One year since announcing a partnership to build 2,900 homes in a new virtual power plant community in Prescott Valley, Arizona, SonnenÂ anticipates a real breakthrough that will hopefully include a utility contract.
SonnenÂ is still working out the details on its Jasper projectÂ but expects to make an announcement by the end of the year, Blake Richetta, the company’s U.S. senior vice president, told Utility Dive.
The company aims to equip each new home in the planned Northern Arizona community with solar panels and a SonnenÂ battery to provide power during evening peak demand periods.
SonnenÂ has done it before: the company pioneered the energy storage virtual power plant in Germany in 2015, but the country’s electric market is more uniformly deregulated than U.S. power markets, prompting the company to take a different approach. As the regulatory framework is not quite there, the virtual power plant capability of the Jasper project could be years away.
In the original announcement of its partnership with Mandalay Homes, SonnenÂ anticipated starting construction and moving in the first residents within the second and third quarter of 2018. However, it could take a while for Jasper to reach critical mass. The project calls for 200 to 300 houses to be built per year and SonnenÂ estimates it will deploy the homes over the next 15 years.
When the Jasper project is completed, it will have 11.6 MW and nearly 23 MWh of energy storage. Each home will be equipped with 3.9 kW of solar panels and an 8 kWh SonnenÂ battery with the ability to upgrade to an 8 kW / 16 kWh system.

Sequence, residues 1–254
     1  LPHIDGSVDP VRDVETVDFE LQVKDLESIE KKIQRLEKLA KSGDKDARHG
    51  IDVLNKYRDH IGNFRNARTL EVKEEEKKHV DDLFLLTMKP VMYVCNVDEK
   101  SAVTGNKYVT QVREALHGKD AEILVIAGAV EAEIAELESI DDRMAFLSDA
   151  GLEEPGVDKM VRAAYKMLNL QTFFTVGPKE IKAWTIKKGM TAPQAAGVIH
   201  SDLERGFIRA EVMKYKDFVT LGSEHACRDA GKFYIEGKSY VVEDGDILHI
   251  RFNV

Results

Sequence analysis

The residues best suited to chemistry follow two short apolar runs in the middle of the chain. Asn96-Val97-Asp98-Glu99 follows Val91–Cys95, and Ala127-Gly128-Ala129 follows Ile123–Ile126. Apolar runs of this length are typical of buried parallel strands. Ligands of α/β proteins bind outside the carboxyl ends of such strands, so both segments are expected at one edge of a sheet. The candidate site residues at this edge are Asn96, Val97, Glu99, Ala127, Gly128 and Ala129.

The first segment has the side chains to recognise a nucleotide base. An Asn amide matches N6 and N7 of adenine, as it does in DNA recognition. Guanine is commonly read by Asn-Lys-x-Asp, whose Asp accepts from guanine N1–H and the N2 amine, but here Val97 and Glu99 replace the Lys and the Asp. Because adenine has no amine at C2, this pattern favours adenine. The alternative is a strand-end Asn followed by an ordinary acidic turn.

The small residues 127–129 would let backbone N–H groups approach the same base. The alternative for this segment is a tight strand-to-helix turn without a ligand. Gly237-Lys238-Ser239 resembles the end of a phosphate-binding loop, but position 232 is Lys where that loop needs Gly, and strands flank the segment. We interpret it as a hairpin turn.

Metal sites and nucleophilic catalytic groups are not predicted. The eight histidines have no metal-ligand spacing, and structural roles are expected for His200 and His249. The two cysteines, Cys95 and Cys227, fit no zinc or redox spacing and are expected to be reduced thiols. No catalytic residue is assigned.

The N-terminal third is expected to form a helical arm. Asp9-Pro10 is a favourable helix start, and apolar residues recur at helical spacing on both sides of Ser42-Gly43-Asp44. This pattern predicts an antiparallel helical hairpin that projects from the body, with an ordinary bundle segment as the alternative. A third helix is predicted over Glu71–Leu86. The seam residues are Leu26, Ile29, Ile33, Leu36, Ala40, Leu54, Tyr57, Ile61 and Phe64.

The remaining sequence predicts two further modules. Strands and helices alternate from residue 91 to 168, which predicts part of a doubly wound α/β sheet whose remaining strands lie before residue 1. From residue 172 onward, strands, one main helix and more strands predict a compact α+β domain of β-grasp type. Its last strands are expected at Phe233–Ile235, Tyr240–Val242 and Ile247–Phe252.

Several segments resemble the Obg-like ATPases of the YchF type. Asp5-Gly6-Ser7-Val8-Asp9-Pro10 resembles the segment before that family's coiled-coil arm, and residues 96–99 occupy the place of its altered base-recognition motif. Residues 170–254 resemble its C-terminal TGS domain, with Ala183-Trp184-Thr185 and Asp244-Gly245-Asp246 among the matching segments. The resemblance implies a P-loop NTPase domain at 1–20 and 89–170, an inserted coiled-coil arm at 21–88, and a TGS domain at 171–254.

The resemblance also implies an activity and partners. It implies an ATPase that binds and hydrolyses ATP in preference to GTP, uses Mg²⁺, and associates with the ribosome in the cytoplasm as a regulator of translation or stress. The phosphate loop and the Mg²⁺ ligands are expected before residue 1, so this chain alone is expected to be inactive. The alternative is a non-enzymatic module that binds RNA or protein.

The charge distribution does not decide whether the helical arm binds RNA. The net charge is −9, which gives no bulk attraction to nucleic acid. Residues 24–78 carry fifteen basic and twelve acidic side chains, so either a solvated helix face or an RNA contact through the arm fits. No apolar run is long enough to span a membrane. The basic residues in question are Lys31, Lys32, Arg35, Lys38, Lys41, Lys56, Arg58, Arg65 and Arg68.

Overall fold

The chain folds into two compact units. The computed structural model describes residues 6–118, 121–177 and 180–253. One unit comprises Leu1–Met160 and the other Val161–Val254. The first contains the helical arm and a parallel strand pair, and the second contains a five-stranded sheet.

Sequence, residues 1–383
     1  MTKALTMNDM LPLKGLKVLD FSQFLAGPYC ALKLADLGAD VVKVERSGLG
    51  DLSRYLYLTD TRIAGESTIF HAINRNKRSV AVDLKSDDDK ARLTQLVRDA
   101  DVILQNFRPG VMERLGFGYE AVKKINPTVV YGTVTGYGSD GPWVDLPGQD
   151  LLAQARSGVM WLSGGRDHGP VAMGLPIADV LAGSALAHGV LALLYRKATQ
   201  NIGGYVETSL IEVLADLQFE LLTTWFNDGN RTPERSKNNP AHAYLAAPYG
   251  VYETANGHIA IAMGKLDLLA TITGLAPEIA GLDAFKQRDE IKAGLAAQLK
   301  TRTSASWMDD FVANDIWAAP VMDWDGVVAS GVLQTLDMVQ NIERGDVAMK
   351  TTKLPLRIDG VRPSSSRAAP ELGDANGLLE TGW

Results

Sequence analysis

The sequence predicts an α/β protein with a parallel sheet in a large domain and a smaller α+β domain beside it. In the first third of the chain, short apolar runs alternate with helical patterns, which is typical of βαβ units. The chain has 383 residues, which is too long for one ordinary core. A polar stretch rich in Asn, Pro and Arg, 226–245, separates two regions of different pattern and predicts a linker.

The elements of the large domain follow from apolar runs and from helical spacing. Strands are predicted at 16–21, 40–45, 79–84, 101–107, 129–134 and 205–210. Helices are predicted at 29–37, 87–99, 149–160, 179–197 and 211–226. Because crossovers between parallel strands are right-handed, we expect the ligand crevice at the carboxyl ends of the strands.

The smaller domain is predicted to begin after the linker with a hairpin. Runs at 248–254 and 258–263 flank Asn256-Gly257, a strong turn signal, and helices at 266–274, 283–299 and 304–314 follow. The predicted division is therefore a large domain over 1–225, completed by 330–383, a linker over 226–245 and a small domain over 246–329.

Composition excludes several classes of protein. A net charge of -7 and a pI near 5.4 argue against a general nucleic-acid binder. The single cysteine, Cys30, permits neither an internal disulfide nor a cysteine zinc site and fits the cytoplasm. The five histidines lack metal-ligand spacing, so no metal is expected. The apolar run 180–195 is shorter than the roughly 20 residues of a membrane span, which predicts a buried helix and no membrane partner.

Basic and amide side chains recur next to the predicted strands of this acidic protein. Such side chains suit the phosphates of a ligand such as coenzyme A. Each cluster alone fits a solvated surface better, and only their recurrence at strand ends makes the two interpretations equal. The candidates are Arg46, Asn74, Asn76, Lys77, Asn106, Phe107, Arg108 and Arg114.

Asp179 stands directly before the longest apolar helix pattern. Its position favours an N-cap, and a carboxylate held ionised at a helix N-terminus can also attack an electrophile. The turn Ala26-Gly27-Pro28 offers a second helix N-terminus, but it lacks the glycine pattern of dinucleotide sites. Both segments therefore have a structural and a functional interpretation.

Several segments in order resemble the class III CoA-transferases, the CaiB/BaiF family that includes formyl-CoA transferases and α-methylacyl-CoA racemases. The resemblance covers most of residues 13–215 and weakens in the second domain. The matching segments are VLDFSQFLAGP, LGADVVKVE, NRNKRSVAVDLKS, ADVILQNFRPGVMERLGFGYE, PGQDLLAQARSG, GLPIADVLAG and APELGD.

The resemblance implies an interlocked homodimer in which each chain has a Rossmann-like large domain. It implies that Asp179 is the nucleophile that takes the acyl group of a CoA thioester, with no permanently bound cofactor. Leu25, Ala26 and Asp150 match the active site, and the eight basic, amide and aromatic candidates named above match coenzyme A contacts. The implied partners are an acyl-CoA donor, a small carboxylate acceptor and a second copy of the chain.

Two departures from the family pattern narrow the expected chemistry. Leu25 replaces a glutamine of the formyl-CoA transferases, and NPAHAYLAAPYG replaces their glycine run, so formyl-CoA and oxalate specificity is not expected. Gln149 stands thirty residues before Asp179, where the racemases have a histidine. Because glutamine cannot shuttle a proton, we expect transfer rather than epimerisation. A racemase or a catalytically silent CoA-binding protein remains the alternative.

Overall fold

SonnenÂ deployed approximately 12 systems already and homeowners are moving into these homes now, Sonnen said. 20 more homes are scheduled for deployment by the end of the year.
The homes will also be able to communicate with each other to form a “hive” that Sonnen calls a sonnenCommunity. The hive can act as an intelligent network of clean energy storage systems forming a virtual power plant that can interact with the electric grid to flatten the load curve of the community and minimize stress on the grid as well as the community’s carbon footprint.â€‹
“If our value for energy storage is ever going to be realized, it is going to come on the utility side.”
U.S. senior vice president, Blake Richetta
There are four layers of residential energy storage, Richetta says:Â backup power, daily cycling to shift solar power into the evening, dynamic dispatch that can use storage as a demand response resource, and “clustering” the hive so that aggregated storage devices can provide power and act as a peaking plant.
In the United States, residential energy storage is still in its “very, very early stages,” Richetta says. Most residential storage systems operate at the first or second level. Even Mandalay is still in that second layer, he said.
In Arizona, Sonnen’s batteries will be used to “solar shift,” storing solar power during the middle of the day and discharging it during the evening. They will also relieve stress on the grid by soaking up energy in the middle of the night, from 2 a.m. to 5 a.m., and then again in mid-morning to early afternoon, 10 a.m. to 2 p.m.
“We’re doing as much as we can at this point to help their project become a reality.”